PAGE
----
Also known as The Alzheimer Case
, this Belgian film tells the story of a hitman who is losing his memory. Like the hero of Memento
, Angelo Ledda (Decleir) has taken to writing important notes to himself on his arm. Yet he knows he has a job from which there’s no retirement, so he accepts another job but balks from committing the deed when he realizes one of his targets is a 12-year-old girl. Even a contract killer has certain standards. It turns out that this girl is the same one seen in the film’s opening sequence: A police sting operation takes down a child-sex operation in which the girl’s father sells her to all comers. The movie has the shape of a police procedural and is based on a novel by Jef Geeraerts. Eric Vincke (De Bouw), the detective who posed as the sex procurer in the sting, is also on the case of a string of seemingly related murders that ultimately link him up with Ledda. The entire movie winds through the series of murders in which the cops are always a few minutes behind Ledda, and Ledda has gone rogue and is now settling scores on his own (even though the reasons for his actions remain cloaked). Decleir brings a quiet dignity to this hitman with his own moral code and receding memory. And as is common in these sorts of films, an uncommon understanding develops between the cop and his quarry. The twists and turns make The Memory of a Killer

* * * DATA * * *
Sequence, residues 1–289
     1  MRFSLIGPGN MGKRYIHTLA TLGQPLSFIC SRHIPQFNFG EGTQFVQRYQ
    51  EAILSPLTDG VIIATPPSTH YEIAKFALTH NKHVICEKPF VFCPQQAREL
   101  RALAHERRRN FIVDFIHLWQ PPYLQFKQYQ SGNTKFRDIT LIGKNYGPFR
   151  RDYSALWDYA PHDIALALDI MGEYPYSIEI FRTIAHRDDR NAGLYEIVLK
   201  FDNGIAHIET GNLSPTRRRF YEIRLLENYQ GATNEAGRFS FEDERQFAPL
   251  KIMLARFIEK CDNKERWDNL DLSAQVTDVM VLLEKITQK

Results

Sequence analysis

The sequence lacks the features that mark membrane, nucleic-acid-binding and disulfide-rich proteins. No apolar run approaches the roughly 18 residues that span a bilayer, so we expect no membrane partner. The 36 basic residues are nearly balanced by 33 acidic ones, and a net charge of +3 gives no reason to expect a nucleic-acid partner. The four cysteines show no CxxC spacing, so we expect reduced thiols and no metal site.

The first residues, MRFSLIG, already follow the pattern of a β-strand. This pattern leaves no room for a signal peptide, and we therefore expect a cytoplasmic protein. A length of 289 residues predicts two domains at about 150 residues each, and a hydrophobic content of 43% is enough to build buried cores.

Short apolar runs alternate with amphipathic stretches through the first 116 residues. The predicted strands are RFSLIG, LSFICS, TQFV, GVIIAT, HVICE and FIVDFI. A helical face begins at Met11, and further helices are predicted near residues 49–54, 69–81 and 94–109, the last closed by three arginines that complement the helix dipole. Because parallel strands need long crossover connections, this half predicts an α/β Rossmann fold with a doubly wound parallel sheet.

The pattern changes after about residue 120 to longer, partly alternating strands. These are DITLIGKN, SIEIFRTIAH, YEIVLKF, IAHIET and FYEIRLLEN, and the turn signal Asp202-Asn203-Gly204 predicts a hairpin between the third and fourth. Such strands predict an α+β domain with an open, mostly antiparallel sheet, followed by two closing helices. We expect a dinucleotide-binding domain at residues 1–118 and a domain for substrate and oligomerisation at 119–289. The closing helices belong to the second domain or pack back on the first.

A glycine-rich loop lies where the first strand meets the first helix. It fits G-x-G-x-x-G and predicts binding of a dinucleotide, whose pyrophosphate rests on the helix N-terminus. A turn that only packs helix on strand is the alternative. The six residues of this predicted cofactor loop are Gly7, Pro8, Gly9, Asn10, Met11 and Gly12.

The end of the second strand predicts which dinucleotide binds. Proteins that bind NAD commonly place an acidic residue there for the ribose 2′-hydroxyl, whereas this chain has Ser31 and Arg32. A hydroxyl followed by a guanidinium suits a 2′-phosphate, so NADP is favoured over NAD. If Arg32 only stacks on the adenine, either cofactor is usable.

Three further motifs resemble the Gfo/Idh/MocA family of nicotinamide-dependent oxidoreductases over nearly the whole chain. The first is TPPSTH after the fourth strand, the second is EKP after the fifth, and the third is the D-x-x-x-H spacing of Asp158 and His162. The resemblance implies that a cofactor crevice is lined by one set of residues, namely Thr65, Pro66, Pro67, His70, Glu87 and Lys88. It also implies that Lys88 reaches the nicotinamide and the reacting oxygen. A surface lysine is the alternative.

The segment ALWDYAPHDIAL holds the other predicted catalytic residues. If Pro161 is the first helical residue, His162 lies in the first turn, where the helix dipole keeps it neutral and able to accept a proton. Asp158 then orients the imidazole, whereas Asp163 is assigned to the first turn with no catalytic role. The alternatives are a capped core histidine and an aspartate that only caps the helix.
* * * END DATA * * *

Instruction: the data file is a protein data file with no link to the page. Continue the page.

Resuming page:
intriguing to watch for its entire two hours, and director Van Looy employs lots of jacked-up visual techniques (jump cuts, swish edits, etc.) that also help keep the audience rapt. Winner of multiple Belgian awards and a box-office hit at home, The Memory of a Killer
should translate well for American audiences. The movie is tightly wound and expertly unraveled, resulting in a thriller that you’ll remember – unlike the hitman Ledda.